Friday, November 04, 2011

Blink of an Eye by Robin Gorman Newman

My father (above) had a stroke over a week ago, and his life changed in a flash, as did mine. In that moment, more than ever, I became acutely aware of the challenges of being a later in life mother with a young child and senior father.

G-d bless my dad. He's 93. My son is 8. I'm 51. Not the easiest of ages for any of us.

Despite the stroke, at 93, my dad hasn't for a long time felt as he'd like to. I've long tried to explain to him that I doubt anyone at 90+ feels as they'd like to, but that's never been comforting to him.

At 51, I'm in the throes of peri-menopause, and that's enough to wreak havoc on anyone.

My son, at 8, isn't little anymore but isn't grown either. He yearns to exude independence yet waivers at moments like bedtime when he asks his dad to lay with him as he falls asleep. I don't want him to grow up too quickly...though we are all aging as the clock ticks rapidly away.

Living in the moment is so key, and that's particularly evident in hindsight.

It took just seconds for my dad to lose much of his long term memory and suffer major language challenges. As bad as it is, it could have been SO much worse, and I'm grateful he didn't go down the path of major physical disability.

He'll get speech therapy, and even if his communication remains compromised, he can live a quality life. He may no longer be able to share the stories of days gone by that engaged so many. He loved to talk about growing up with famed (now deceased) ballplayer Phil Rizutto, and proudly wore a t-shirt I made up for his 90th birthday saying I PLAYED BALL WITH PHIL RIZUTTO. It was a great conversation opener when he wore it to his local pool club or on our annual family vacation to Mohonk Mountain House in New Paltz. Now having a conversation for my father isn't second nature.

My dad, despite his many surgeries over the years, was somewhat of a medical marvel. When he'd meet with a doctor and they asked his health history, he could describe in copious detail what surgery he had, when and where, with exact precision. Even I can't do that. I never could. But, it came with ease to my dad. Those days are over.

When he first stroked he was calling everybody Robin. It struck me as curious. At our initial meeting with the neurologist, I was in a room full of Robins...only they were my sister Barbara and Brother-in-Law Terry. I had to identify myself to the doctor as the "real" Robin." It would have been comical if the situation weren't so serious.

Seth, my son, has been a trooper. He, too, became Robin, during a visit with grandpa. He's been my tower of strength, in addition to my husband, and close friends. Seth has always had an innate sensibility and awareness of knowing how to reach out to people when they need it the most. And, he manages to do it with a maturity beyond his years. After my first visit with my dad following the stroke, I put on a brave face in his house, assisting him and his aide, but once Seth and I stepped outside and walked back to the car, I lost it.. I needed to cry, and a flood of tears consumed me. In that moment, Seth reached out and assured me that grandpa would be ok....that everything would be ok...and I believe he believed it. I was so touched by his depth of compassion and ability to put aside whatever he felt to be present for me.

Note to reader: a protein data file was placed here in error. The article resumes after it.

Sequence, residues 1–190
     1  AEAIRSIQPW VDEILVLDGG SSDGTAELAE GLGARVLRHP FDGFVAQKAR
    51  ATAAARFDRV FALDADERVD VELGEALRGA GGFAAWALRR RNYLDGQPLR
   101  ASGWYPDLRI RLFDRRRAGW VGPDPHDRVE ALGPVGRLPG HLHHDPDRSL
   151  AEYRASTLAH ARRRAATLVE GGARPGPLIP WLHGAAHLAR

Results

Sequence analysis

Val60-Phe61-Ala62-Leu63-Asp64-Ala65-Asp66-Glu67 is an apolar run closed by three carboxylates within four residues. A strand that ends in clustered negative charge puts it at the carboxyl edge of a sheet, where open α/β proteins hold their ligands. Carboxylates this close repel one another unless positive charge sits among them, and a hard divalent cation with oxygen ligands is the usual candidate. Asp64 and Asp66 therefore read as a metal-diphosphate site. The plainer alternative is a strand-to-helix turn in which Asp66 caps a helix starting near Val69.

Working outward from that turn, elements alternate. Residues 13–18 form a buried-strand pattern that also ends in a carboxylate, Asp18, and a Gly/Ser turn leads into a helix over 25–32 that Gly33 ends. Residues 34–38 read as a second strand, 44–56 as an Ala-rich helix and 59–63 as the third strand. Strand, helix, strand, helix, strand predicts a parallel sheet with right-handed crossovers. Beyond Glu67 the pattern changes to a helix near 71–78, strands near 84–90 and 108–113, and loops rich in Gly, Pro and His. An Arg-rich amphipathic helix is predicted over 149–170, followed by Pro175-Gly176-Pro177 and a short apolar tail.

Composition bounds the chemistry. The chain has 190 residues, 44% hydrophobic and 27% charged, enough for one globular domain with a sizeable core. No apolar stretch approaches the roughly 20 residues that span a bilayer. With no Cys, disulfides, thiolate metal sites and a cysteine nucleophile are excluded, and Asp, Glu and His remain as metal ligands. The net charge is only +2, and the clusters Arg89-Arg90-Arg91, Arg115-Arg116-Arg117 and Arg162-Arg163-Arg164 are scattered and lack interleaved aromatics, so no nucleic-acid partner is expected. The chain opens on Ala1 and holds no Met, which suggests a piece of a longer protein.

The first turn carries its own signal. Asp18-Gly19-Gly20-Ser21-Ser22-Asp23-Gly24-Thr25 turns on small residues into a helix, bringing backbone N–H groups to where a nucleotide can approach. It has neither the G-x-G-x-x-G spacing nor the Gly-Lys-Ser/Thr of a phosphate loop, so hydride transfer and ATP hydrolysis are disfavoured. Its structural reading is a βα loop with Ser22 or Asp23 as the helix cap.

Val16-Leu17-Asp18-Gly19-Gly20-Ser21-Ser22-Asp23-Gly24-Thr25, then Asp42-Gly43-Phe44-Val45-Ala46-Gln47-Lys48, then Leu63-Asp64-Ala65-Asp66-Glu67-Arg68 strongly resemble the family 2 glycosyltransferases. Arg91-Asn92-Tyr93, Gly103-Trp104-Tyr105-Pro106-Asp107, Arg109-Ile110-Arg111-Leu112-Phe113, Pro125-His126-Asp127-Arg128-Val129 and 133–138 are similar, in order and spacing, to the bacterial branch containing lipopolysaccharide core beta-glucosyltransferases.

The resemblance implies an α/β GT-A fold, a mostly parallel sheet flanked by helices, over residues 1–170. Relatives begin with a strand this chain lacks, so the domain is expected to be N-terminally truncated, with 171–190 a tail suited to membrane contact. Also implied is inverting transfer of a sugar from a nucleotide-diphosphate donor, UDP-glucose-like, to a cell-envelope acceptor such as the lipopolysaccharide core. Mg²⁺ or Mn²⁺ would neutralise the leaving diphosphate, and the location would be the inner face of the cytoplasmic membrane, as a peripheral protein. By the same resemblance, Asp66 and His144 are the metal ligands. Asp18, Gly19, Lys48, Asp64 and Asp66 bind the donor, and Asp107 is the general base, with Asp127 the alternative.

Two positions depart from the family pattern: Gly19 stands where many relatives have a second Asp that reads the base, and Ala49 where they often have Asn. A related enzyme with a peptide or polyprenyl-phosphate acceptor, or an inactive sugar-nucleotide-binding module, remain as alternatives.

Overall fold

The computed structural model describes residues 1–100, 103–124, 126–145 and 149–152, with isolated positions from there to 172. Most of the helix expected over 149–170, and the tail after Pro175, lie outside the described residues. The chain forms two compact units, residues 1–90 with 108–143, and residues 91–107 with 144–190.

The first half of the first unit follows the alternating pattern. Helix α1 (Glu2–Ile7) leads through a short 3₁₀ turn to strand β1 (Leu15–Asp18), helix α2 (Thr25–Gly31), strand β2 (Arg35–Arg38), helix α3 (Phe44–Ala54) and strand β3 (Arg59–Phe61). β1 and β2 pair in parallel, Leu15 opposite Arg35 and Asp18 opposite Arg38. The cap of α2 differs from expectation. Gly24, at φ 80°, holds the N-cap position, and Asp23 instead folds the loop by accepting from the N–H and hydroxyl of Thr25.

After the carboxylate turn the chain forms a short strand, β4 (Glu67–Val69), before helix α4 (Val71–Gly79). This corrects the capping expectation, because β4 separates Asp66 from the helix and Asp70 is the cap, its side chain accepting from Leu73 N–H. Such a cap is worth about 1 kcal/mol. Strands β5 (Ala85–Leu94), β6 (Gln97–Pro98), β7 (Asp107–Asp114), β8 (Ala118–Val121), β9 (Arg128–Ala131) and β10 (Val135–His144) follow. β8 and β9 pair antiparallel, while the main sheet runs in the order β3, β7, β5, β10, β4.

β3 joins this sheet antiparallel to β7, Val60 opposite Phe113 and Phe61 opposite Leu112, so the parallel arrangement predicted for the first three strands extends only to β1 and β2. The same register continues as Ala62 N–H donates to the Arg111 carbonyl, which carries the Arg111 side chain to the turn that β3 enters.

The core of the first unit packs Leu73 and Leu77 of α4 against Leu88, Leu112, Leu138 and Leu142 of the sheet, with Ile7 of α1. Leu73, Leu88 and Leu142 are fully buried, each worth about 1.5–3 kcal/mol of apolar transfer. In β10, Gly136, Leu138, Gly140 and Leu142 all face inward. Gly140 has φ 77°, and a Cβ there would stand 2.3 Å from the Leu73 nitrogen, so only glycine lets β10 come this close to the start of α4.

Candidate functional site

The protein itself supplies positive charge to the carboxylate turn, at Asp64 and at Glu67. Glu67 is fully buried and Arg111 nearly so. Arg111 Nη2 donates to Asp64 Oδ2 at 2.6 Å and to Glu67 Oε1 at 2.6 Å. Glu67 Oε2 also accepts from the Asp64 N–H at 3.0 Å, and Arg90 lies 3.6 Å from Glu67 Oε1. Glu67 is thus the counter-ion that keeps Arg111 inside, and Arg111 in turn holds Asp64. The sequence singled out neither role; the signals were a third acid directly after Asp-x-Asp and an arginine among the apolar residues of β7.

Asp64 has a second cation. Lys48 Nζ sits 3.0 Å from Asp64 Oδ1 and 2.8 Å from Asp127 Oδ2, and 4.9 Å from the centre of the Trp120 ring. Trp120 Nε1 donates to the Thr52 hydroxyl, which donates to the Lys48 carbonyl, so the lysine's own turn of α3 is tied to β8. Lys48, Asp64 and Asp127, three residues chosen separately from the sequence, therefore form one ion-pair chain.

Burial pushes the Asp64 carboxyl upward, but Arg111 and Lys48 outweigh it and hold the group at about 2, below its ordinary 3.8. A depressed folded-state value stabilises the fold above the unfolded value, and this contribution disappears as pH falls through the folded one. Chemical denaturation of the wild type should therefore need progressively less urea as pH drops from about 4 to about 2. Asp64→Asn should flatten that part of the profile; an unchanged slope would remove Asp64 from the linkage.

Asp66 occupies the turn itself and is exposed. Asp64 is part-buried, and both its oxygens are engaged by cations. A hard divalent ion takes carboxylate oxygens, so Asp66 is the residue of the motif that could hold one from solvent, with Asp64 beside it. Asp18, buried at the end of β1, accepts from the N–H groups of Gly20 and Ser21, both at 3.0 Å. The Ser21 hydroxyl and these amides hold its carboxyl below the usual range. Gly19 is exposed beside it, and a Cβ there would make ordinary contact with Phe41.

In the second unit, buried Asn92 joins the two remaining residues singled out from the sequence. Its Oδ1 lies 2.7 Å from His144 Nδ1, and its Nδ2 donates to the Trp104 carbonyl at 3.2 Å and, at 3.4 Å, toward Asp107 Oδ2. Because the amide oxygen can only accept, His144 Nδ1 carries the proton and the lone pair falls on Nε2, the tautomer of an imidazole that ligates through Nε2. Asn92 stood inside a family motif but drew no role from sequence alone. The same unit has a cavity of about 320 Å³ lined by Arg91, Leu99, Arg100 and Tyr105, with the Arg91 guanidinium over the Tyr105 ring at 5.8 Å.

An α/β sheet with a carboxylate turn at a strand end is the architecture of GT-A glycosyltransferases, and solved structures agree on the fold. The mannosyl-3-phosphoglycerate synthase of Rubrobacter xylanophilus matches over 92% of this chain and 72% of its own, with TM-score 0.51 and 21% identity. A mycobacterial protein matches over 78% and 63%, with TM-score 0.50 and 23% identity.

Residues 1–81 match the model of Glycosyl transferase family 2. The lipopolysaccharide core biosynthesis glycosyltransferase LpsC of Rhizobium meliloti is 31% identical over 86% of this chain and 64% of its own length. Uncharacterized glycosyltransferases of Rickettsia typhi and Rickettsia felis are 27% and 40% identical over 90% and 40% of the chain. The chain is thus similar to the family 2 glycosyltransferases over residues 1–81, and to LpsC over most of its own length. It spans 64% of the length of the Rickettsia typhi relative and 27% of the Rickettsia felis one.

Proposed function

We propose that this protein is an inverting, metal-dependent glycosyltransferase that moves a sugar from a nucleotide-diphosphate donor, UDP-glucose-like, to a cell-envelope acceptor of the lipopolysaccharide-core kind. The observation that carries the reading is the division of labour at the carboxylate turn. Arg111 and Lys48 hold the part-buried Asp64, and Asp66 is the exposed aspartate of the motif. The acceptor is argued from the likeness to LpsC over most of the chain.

I am so grateful for Seth. He touches my heart in a way I never knew a child could. And, I'm so glad he's cultivated a relationship with my father that hopefully will live on forever.

My beloved mother passed away over 10 years ago due to complications from a major stroke, and it was a tragic death in a sterile hospital room. We weren't by her bedside at the time. She was all alone. A stroke is something I've always found so unbelievably cruel. Not that cancer isn't. But, a stroke is immediately life-altering, and it's just a question of to what extent.

I'm hopeful that my dad's situation will improve over time, and that G-d willing there won't be any repeat episodes, due to preventative medication measures. I treasure having my father in my life, and the last thing I want is for him to suffer greatly. No one deserves that, and certainly not a man who has done his best to be a caring father all these years. As a parent, no one is perfect, and I recognize that. But, he's my dad...the only dad I'll ever have....and he'll always have a place in my heart....even if I'm not the only Robin to him.

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Blogger Cara Meyers said...

Robin, my heart goes out to you to no end...
I have a small suggestion which might help. When my father was in the hospital with his subdural hematoma, the bleeding in his head had worsened, and he completely blanked on my name. You could tell that he knew who I was by the look in his eye and by the fact that he kept pointing to me. What his Speech Therapist recommended was to get photos of all family and loved ones and put the names of who was in each picture on the back. This way, anyone who visits can review the photos and the names of the people with your Dad. Also, take the fact that he calls everyone "Robin" as a complement. My father called everyone, man or woman my deceased mother's name for a couple weeks. But try the photo trick. It helped my Dad to some degree. xoxo

7:28 AM  
Blogger Robin Gorman Newman said...

Thanks for the tip Cara...and your support. xo

10:46 AM  

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